The Bahamian pleasure palace featured a faux Mayan temple, sculptures of smoke-breathing snakes and a disco with a stripper pole. The owner, Peter Nygard, a Canadian fashion executive, showed off his estate on TV shows like “Lifestyles of the Rich and Famous” and threw loud beachfront parties, reveling in the company of teenage girls and young women.
Next door, Louis Bacon, an American hedge fund billionaire, presided over an airy retreat with a lawn for croquet. Bacon preferred hunting alone with a bow and arrow to attending wild parties, and if mentioned at all in the press, was typically described as buttoned-up.
The neighbors had little in common except for extreme wealth and a driveway. But when Nygard wasn’t allowed to rebuild after a fire, he blamed Bacon. Since then, the two have been embroiled in an epic battle, spending tens of millions of dollars and filing at least 25 lawsuits in five jurisdictions. Nygard, 78, has spread stories accusing Bacon of being an insider trader, murderer and member of the Ku Klux Klan. Bacon, 63, has accused Nygard of plotting to kill him.
The latest charge is particularly incendiary: Lawyers and investigators funded in part by Bacon claim that Nygard raped teenage girls in the Bahamas.
This month, a federal lawsuit was filed by separate lawyers in New York on behalf of 10 women accusing Nygard of sexual assault. The lawsuit claims that Nygard used his company, Nygard International, and employees to procure young victims and ply them with alcohol and drugs. He also paid Bahamian police officers to quash reports, shared women with local politicians and groomed victims to recruit “fresh meat,” the lawsuit says. Through a spokesman, Nygard denied the allegations.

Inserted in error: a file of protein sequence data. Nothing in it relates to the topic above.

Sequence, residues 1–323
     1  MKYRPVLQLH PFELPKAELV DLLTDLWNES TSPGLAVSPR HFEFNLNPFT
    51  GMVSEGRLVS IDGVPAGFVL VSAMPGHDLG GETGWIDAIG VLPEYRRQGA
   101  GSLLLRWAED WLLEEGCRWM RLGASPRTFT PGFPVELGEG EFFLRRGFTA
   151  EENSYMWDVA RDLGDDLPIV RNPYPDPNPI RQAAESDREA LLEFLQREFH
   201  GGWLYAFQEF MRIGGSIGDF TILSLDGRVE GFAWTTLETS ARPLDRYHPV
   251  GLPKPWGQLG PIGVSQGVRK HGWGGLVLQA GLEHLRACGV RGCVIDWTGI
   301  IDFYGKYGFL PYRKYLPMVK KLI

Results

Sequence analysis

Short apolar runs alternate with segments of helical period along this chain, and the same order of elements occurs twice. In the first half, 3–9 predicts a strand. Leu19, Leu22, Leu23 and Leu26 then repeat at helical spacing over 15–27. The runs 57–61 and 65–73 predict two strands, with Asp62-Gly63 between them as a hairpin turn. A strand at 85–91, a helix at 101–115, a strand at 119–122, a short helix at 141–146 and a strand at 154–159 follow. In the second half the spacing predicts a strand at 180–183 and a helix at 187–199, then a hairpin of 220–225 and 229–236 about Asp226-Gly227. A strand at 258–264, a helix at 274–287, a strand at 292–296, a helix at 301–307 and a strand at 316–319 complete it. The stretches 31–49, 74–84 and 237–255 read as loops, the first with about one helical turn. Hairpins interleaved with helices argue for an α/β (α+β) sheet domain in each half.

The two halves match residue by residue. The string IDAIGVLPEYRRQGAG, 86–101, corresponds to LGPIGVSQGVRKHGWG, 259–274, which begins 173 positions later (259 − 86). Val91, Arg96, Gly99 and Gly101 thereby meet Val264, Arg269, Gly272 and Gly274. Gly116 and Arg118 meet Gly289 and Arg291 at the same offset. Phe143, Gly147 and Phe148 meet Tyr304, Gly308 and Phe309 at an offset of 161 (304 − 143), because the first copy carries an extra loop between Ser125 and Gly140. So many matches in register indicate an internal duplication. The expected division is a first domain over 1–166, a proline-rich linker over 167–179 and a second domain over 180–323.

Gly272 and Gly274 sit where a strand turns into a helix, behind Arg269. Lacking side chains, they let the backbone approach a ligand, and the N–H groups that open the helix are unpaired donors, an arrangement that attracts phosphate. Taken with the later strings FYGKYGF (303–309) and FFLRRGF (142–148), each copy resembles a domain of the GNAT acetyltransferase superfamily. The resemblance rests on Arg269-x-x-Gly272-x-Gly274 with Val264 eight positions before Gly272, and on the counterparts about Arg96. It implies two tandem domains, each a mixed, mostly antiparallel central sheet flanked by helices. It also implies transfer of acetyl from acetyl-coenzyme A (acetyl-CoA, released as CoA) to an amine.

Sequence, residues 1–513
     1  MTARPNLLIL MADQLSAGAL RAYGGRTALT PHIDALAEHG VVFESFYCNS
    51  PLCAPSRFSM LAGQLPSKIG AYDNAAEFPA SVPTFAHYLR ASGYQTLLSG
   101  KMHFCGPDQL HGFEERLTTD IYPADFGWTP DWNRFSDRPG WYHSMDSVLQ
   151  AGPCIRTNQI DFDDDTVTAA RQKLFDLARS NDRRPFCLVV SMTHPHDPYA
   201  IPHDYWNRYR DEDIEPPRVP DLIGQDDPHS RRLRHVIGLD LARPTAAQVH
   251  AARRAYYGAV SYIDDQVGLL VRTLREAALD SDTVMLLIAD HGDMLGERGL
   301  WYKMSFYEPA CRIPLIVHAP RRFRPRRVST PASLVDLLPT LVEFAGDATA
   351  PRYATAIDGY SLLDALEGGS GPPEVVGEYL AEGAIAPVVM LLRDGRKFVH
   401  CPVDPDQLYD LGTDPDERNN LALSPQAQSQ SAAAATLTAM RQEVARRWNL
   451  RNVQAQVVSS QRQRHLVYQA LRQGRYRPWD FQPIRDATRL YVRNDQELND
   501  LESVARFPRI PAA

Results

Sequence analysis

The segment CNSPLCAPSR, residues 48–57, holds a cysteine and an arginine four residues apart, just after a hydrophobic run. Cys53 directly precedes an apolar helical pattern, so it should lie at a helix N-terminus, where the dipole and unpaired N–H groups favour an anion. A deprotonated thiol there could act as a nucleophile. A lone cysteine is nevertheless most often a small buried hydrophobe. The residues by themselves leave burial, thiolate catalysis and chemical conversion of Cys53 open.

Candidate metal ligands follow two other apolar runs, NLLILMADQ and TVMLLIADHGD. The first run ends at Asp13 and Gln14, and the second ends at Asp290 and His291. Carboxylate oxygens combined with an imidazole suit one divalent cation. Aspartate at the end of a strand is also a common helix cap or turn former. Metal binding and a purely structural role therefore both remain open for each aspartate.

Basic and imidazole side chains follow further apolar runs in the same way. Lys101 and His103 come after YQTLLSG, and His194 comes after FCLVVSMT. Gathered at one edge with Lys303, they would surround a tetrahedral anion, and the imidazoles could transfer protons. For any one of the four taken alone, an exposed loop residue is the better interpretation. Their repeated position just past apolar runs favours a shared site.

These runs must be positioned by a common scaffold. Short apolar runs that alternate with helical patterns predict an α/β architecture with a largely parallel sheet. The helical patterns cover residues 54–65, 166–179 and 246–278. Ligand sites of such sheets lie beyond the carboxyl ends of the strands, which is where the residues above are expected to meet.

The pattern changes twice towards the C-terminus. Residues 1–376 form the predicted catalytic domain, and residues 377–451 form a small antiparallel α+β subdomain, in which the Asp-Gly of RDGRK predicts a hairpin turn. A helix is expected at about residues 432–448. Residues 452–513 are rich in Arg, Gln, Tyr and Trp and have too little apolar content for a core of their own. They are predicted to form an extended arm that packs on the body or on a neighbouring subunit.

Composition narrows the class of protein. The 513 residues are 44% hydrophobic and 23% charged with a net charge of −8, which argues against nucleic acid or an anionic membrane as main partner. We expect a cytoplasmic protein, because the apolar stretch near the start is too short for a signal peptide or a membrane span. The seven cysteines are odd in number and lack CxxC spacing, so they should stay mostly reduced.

Over months of interviews with The New York Times, dozens of women and former employees described how alleged victims were lured to Nygard’s Bahamian home by the prospect of modeling jobs or a taste of luxury.
“He preys on poor people’s little girls,” said Natasha Taylor, who worked there for five years.
But this is not just a story of abuse allegations. It’s also a story about the lengths two rich men can go to in a small developing nation where the minimum wage is just $210 a week. Together, Nygard and Bacon are worth close to the annual budget of the government of the Bahamas, an archipelago off the coast of Florida with ritzy tourist resorts that belie the country’s pockets of poverty.
Their battle became a cottage industry for opportunists.
Investigators and lawyers tied to Bacon offered Nygard associates generous incentives to build an abuse case against the Canadian — Cartier jewelry, a regular salary or a year’s rent in a gated community, according to documents and interviews. Smaller payments filtered down to some accusers, which could be used to undermine their credibility in any court case or investigation.
Nygard used his wealth to intimidate critics and buy allies. He had employees sign confidentiality agreements and sued those he suspected of talking. Multiple women said he had handed them cash after sex, helping to buy silence. And he paid tens of thousands of dollars to people providing sworn statements to use against Bacon in lawsuits, according to court records, interviews and bank statements.
Some women said they felt exploited by both men — by Nygard for sex, and by Bacon against his enemy.
“They’re messing up people’s lives in the middle of their fight,” said Tamika Ferguson, who claims Nygard raped her when she was 16. She said she intended to join the lawsuit.
The Times interviewed all the women who eventually signed on to the suit, which identified them as Jane Does to protect their privacy. Reporters also spoke with five other women, who said Nygard sexually assaulted them in the Bahamas when they were teenagers. Three said they were under 16 at the time, the age of consent there. But two later recanted, saying they had been promised money and coached to fabricate their stories.
This isn’t the first time that Nygard, whose company sells women’s clothes at his own outlets and Dillard’s department stores, has been accused of sexual misconduct. Over the past four decades, nine women in Canada and California have sued him or reported him to authorities. He has never been convicted.